Louis B. Mayer
73 (passed away Oct. 29th, 1957)
Jul. 12th, 1884
Louis B. Mayer's Main TV Roles[no roles found]
Main Movie Roles
Guest TV Roles[none found]
Mayer was born Lazar Mayer in the Ukraine and grew up in Saint John, New Brunswick, Canada after his parents fled Russian oppression in 1886. He had a brutal childhood, raised in poverty and suffering physical and emotional abuse from his nearly-illiterate peddler father. In the early 1890s, he changed his name to Louis and fudged his birth date to reflect the more "patriotic" date of July 4, 1885. He moved to Boston in 1904 and struggled as a scrap-metal dealer until he was able to purchase a burlesque house. Although he made large sums by showing films (he made a sizable fortune off The Birth of a Nation (1915)), his early business ventures favored legitimate theater in New England. As his theater empire expanded, he had acquired and refurbished enough small movie theaters that he was able to move his business to Los Angeles and venture into movie production in 1918. Along with Samuel Goldwyn and Marcus Loew of Metro Pictures, he formed a new company called Metro-Goldwyn-Mayer (MGM).
Over the next 25 years, MGM was "the Tiffany of the studios," producing more films and movie stars than any other studio in the world. Mayer became the prime creator of the enduring Hollywood of myth, home to stars like Clark Gable, Judy Garland (I), Joan Crawford (I), and Jean Harlow. Mayer became the highest-paid man in America, one of the country's most successful horse breeders, a political force and Hollywood's leading spokesman. Both he and MGM reached their peaks at the end of World War II, and Mayer was forced out in 1951. He died of leukemia in 1957.
- Portrayed by 'Harold Gould (I)' (qv) in _The Silent Lovers (1980) (TV)_ (qv), 'Howard Da Silva' (qv) in _Mommie Dearest (1981)_ (qv), 'Al Waxman' (qv) in _Life with Judy Garland: Me and My Shadows (2001) (TV)_ (qv), 'Stanley DeSantis' (qv) in _The Aviator (2004)_ (qv), etc.
- During his entire career at MGM, Mayer only answered to two men: 'Marcus Loew' (qv)- who died on Sept 25, 1927 - and his replacement at MGM parent, Loew's Inc., 'Nicholas Schenck' (qv). It was an uncomfortable relationship for both men. Schenck inherently understood Mayer's value as a the head of MGM but resented his price. The two men would fight bitterly over the years over business matters, with Schenck repeatedly planting spies (including 'E.J. Mannix' (qv) who soon became a Mayer loyalist) to monitor Mayer's business dealings.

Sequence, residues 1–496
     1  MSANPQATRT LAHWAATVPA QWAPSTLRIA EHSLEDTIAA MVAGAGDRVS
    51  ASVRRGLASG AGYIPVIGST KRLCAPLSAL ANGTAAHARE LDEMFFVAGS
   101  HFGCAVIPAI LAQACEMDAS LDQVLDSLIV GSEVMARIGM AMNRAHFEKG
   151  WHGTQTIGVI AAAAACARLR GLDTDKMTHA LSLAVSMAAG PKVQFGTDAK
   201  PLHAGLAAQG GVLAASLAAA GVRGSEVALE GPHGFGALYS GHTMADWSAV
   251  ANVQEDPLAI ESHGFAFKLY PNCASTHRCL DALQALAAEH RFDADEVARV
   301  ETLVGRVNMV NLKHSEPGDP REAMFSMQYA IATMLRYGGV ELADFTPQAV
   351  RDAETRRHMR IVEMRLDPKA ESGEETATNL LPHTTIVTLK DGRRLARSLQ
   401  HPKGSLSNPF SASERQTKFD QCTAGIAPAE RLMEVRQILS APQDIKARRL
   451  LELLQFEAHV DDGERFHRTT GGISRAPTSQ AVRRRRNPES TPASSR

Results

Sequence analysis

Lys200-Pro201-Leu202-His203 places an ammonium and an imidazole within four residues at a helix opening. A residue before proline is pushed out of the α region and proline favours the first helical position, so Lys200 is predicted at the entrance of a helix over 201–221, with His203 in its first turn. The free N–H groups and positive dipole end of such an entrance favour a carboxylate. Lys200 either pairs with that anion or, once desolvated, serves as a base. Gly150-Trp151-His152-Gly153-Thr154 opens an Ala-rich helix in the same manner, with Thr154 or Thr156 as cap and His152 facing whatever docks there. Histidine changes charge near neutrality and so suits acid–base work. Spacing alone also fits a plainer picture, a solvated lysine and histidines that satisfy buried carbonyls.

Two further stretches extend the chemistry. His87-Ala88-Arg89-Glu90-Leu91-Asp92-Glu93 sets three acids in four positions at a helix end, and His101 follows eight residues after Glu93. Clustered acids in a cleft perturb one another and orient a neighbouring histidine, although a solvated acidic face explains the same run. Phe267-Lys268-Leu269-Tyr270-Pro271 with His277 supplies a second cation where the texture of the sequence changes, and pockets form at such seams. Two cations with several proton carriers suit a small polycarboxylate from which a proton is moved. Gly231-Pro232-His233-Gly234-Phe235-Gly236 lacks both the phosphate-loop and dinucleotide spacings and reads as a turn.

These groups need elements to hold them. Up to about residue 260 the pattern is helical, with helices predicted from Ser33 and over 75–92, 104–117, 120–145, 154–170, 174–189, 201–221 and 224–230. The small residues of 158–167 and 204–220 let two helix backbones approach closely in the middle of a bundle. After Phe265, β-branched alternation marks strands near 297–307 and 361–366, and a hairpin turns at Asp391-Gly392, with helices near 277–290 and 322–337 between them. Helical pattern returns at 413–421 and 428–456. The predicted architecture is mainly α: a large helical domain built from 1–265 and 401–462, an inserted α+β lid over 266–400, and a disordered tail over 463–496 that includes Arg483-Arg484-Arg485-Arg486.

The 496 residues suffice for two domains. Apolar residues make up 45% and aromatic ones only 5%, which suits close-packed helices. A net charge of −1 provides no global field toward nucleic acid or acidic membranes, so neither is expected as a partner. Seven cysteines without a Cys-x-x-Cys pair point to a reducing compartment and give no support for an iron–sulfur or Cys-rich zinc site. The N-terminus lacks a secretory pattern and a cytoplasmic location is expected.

- Appears as a character in the musical play, "In Hell With Harlow".
- He was a master manipulator, and it was generally acknowledged that of all the great actors on the lot - the Barrymores, 'Spencer Tracy' (qv), 'Lon Chaney' (qv), 'Greta Garbo' (qv) - Mayer was the best. He was not above-- or below-- crying, begging, threatening, charming or cussing (often within the same conversation) anyone out on the lot if it meant getting his way. When 'Robert Taylor (I)' (qv) tried to hit him up for a raise, Mayer advised the young man to work hard, respect his elders, and in due time he'd get everything he deserved. He hugged Taylor, cried a little and walked him to the door. Asked if he got his raise, the now tearful Taylor is said to have answered, "No, but I found a father." Taylor, remained a good company man--- and one of the most underpaid top actors on the lot, enjoyed a 25-year career with the studio.
- Uncle of directors 'Fred M. Wilcox' (qv) and 'Gerald Mayer' (qv) .
- Mayer, according to Peter Hays' 1991 book "When the Lion Roars," idealized his mother. He was her favorite son, and she was the main influence on his life. She died in 1913, and Mayer kept a picture of her over his bed the rest of his life. With his mother an icon in his eyes, Mayer revered the concept of motherhood. When director 'Erich von Stroheim' (qv) expressed the opinion to Mayer that all women were whores, Mayer asked him if he thought of his own mother that way, and then punched him in the face. Mayer told screenwriter 'Frances Marion' (qv), at their first meeting, that she should never write anything that would embarrass Mayer's own wife and two daughters. He told her, "I worship good women, honorable men and saintly mothers."
- Was the father-in-law of producer/studio boss 'William Goetz' (qv) (1903-69), married to Mayer's daughter Edith. As one of the initial investors in 'Darryl F. Zanuck' (qv)'s fledgling Twentieth Century Pictures (which would soon merge with ailing Fox), Mayer insisted that his son-in-law be hired so as to get him out of MGM. Goetz served as executive vice president of Twentieth Century-Fox, heading the studio during 'Darryl F. Zanuck' (qv)'s leave of absence to serve in the military in 1942. Zanuck, fearful of his underling's ambitions, forced him out of the company upon his return in 1943. Ironically both Mayer and Zanuck felt that Goetz was decidedly unimaginative and a mediocre film executive. That same year Goetz formed International Pictures, which merged with Universal in 1946. Goetz would go on to become one of the most successful movie moguls in the post-TV era.
- In his will, excluded daughter Edith and her husband.
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